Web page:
In a sign it plans to become more active in the mergers and acquisitions market, computer maker Dell has lured away IBM's top corporate buyout expert, InformationWeek has learned exclusively. In response, IBM has filed a lawsuit -- its third in recent months against a senior executive looking to jump ship -- in an effort to block the move.
Dell plans to name David L. Johnson senior VP for strategy. He is currently IBM's VP for corporate development and also is a member of Big Blue's elite Integration & Values team.
Dell has been relatively timid on the acquisition front despite its status as one of the world's largest tech vendors. The company has completed just 10 deals since 1999 -- the largest a $1.4 billion buyout of storage technology specialist EqualLogic.
By contrast, IBM announced or sealed 14 acquisitions in 2008 alone, including the $5 billion takeover of Canadian business software developer Cognos.
Johnson has overseen IBM's frenetic merger activity for the past nine years and is a 27-year veteran of the company.
Dell's plans to anoint Johnson as its top M&A planner likely signal a shift in strategy at Round Rock. The stock market's travails have pummeled valuations for a number once-high-flying IT players, and Dell may be looking to take advantage.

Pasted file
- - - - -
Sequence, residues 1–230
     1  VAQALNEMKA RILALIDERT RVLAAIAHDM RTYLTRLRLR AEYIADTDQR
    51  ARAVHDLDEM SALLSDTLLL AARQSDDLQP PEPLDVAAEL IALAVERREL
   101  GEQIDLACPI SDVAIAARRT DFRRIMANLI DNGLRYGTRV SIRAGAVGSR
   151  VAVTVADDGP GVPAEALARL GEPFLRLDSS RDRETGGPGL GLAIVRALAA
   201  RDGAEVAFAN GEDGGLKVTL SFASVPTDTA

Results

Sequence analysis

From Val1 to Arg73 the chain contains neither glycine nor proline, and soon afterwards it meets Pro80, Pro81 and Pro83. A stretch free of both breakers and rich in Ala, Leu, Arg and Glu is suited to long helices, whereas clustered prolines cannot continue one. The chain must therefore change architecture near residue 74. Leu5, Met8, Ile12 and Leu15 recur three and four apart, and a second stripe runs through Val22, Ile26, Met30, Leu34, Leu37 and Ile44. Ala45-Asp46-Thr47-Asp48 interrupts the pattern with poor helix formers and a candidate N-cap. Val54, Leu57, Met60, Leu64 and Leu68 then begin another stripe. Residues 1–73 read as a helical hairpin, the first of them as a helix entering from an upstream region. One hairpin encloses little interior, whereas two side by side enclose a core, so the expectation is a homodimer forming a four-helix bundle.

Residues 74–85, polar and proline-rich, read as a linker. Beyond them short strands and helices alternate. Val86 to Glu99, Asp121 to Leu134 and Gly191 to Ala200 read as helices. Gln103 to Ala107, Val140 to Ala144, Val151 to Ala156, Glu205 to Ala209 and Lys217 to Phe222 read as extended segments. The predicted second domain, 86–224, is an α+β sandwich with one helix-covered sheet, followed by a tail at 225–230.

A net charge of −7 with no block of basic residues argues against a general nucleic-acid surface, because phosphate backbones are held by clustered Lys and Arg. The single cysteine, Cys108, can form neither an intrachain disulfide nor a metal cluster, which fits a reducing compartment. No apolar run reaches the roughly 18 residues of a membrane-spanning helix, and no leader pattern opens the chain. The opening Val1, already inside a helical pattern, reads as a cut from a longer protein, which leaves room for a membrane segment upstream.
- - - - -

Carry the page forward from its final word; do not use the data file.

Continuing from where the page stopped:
Recent consolidation in the tech market -- including Oracle's deal to acquire Sun Microsystems for $7.4 billion and Hewlett-Packard's $13.9 billion capture of outsourcer EDS in 2008 may also be playing into CEO Michael Dell's thinking. He may be feeling isolated as an increasing number of competitors pair up.
Logical acquisition targets for Dell include IT services firms -- assuming the company wants to diversify--and developers that produce software capable of automating management tasks around Dell's desktop and data center products. A best-of-breed storage vendor -- such as EMC -- might also be a fit for Dell.
For IBM, Johnson's departure is inauspicious. With rivals consolidating, Big Blue itself may be looking to strike a bold deal to maintain a level playing field. Some pundits believe the company could be looking at German business software maker SAP. An acquisition of SAP would help IBM counter Oracle's plans to build, in CEO Larry Ellison's words, an "applications-to-disk" product portfolio that includes apps inherited from PeopleSoft and Sun's Sparc hardware.